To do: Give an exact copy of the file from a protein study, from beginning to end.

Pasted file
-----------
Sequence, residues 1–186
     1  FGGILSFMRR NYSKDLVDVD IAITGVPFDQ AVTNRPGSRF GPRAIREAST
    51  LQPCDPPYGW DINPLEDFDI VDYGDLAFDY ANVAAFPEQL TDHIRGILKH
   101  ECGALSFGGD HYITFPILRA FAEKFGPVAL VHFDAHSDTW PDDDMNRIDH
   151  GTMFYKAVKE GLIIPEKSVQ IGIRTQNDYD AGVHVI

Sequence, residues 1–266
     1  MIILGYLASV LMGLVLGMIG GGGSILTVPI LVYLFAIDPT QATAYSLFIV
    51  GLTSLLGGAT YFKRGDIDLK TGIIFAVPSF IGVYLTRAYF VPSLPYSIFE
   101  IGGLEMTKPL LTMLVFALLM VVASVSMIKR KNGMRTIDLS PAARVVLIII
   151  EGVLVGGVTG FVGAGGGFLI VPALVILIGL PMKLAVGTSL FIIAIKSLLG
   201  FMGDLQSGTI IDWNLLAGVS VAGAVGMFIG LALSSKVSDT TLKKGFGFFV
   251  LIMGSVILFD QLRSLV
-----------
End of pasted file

Sequence, residues 1–186
     1  FGGILSFMRR NYSKDLVDVD IAITGVPFDQ AVTNRPGSRF GPRAIREAST
    51  LQPCDPPYGW DINPLEDFDI VDYGDLAFDY ANVAAFPEQL TDHIRGILKH
   101  ECGALSFGGD HYITFPILRA FAEKFGPVAL VHFDAHSDTW PDDDMNRIDH
   151  GTMFYKAVKE GLIIPEKSVQ IGIRTQNDYD AGVHVI

Sequence, residues 1–266
     1  MIILGYLASV LMGLVLGMIG GGGSILTVPI LVYLFAIDPT QATAYSLFIV
    51  GLTSLLGGAT YFKRGDIDLK TGIIFAVPSF IGVYLTRAYF VPSLPYSIFE
   101  IGGLEMTKPL LTMLVFALLM VVASVSMIKR KNGMRTIDLS PAARVVLIII
   151  EGVLVGGVTG FVGAGGGFLI VPALVILIGL PMKLAVGTSL FIIAIKSLLG
   201  FMGDLQSGTI IDWNLLAGVS VAGAVGMFIG LALSSKVSDT TLKKGFGFFV
   251  LIMGSVILFD QLRSLV